Four members of the Mongols Motorcycle Club who pled nolo contendere to charges resulting from the shooting a man outside a bar in Eureka, California last November were sentenced yesterday.
The victim was 43-year-old Robert Daniel Thompson, a reputed member of the Hells Angels Motorcycle Club who had recently been released from jail. Thompson was wearing a Hells Angels tee-shirt when he was shot.
Nolo contendere is the name of the plea in which a defendant refuses to plead either guilty or innocent but instead chooses to stand silent before the law.
Police are still trying to pin a charge of being a convicted felon in possession of a firearm against Thompson. Deputy District Attorney Ben McLaughlin said that police continue to investigate that case but so far no donut. A .22 caliber pistol which had been fired once was found next to Thompson when his body was discovered. How it got there nobody knows.
Dustin Liebes, 36 and Eric Garcia, 28 were both sentenced by Judge Dale Reinholtsen to one year in jail and five years probation for “participation in a criminal street gang.” The sentence is the maximum for that offense under California law. Prosecutor Ben McLaughlin accused Liebes of being the president of the Mongols’ Eureka Chapter. Both men were credited with time served and could be out of jail in less than six months.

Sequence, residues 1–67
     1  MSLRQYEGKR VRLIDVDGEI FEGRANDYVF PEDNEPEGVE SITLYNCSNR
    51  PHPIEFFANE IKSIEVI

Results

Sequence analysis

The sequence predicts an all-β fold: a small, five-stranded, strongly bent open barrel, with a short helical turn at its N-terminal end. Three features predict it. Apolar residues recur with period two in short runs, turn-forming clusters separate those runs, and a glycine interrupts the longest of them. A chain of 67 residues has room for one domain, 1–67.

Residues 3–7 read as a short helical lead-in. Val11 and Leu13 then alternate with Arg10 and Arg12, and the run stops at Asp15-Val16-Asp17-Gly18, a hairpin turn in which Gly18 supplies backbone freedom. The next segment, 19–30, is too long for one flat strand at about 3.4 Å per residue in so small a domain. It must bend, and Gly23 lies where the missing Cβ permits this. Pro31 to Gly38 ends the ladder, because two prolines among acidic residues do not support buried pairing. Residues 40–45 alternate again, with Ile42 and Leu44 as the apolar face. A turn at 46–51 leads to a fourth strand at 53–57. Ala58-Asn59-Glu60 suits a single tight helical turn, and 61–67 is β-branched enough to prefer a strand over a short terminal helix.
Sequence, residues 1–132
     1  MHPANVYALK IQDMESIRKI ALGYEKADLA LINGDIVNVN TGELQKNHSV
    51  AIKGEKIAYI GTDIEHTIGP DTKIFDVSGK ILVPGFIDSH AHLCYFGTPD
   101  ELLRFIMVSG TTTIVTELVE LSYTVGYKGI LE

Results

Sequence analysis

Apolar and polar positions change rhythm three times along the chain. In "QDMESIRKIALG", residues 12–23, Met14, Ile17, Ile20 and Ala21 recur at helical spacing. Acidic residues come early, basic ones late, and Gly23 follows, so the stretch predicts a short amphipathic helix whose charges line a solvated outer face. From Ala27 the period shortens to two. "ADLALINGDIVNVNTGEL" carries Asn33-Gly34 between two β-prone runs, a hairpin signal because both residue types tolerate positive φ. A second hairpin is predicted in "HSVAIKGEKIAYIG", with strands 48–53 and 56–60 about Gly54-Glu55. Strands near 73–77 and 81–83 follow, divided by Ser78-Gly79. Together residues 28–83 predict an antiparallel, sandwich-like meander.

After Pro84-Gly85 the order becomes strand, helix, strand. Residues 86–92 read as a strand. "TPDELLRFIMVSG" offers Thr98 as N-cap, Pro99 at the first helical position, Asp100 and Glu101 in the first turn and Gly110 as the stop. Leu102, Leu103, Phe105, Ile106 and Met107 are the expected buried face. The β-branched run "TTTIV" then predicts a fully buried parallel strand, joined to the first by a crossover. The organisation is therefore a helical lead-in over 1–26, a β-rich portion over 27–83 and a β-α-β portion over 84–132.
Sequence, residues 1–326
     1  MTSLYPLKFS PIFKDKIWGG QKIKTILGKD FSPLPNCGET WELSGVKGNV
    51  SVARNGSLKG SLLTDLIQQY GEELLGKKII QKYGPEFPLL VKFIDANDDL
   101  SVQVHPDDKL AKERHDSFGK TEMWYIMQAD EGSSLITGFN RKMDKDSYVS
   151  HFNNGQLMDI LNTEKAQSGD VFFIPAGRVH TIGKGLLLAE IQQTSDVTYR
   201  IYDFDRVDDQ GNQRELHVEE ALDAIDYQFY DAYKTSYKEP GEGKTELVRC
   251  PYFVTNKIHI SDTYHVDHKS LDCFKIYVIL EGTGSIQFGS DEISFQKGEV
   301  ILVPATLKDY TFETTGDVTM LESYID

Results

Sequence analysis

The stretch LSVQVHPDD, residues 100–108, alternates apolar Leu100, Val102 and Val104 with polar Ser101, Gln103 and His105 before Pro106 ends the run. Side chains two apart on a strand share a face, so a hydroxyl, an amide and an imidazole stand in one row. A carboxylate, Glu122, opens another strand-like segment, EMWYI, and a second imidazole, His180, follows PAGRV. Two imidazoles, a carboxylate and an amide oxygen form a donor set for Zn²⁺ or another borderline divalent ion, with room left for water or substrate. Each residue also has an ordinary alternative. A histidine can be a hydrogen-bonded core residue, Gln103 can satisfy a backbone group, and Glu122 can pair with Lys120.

In California, if you do your time in a county jail you can usually expect to be released after serving two-thirds of your sentence.
Brad Miller, 26, was sentenced to 180 days in jail for being an “accessory after the fact to felony assault.” He was credited with 110 days of time served and will probably be in jail for no more than another seven weeks.
Judge Reinholtsen also sentenced Eric Gunner Lundin, 28, to the maximum sentence allowed under California law for felony assault -which in some jurisdictions is called aggravated assault- and for being a member of a “criminal street gang.” Reinholtsen sentenced Lundin to three years in prison.
Lundin will join approximately a quarter of million other men and women who will be sent to prison in California as convicted felons this year.
Offenders sent to California prisons for violent crimes must complete 85 percent of their sentence before they are eligible for release. That would leave Lundin with about 820 more days to serve before he is set free. Felony assault also counts as a “strike” under California’s “three strikes law.”